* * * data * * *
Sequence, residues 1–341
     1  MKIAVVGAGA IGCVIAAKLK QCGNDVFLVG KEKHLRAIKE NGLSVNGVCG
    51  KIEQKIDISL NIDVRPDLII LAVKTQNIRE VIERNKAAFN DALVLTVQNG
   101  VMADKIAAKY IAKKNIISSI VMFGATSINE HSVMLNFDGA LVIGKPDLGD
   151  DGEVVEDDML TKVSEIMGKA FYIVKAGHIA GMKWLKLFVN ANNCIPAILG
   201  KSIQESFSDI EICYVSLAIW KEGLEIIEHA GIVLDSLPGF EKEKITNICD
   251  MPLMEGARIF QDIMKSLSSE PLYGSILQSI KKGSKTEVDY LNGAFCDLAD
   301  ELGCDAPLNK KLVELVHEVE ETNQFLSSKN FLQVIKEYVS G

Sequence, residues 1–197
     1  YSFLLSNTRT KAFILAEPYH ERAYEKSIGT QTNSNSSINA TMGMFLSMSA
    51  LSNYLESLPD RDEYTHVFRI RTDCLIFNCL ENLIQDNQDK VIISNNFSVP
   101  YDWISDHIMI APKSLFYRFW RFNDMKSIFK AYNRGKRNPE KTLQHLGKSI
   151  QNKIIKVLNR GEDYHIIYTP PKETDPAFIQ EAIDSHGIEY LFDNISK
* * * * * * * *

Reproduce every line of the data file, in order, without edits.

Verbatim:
Sequence, residues 1–341
     1  MKIAVVGAGA IGCVIAAKLK QCGNDVFLVG KEKHLRAIKE NGLSVNGVCG
    51  KIEQKIDISL NIDVRPDLII LAVKTQNIRE VIERNKAAFN DALVLTVQNG
   101  VMADKIAAKY IAKKNIISSI VMFGATSINE HSVMLNFDGA LVIGKPDLGD
   151  DGEVVEDDML TKVSEIMGKA FYIVKAGHIA GMKWLKLFVN ANNCIPAILG
   201  KSIQESFSDI EICYVSLAIW KEGLEIIEHA GIVLDSLPGF EKEKITNICD
   251  MPLMEGARIF QDIMKSLSSE PLYGSILQSI KKGSKTEVDY LNGAFCDLAD
   301  ELGCDAPLNK KLVELVHEVE ETNQFLSSKN FLQVIKEYVS G

Sequence, residues 1–197
     1  YSFLLSNTRT KAFILAEPYH ERAYEKSIGT QTNSNSSINA TMGMFLSMSA
    51  LSNYLESLPD RDEYTHVFRI RTDCLIFNCL ENLIQDNQDK VIISNNFSVP
   101  YDWISDHIMI APKSLFYRFW RFNDMKSIFK AYNRGKRNPE KTLQHLGKSI
   151  QNKIIKVLNR GEDYHIIYTP PKETDPAFIQ EAIDSHGIEY LFDNISK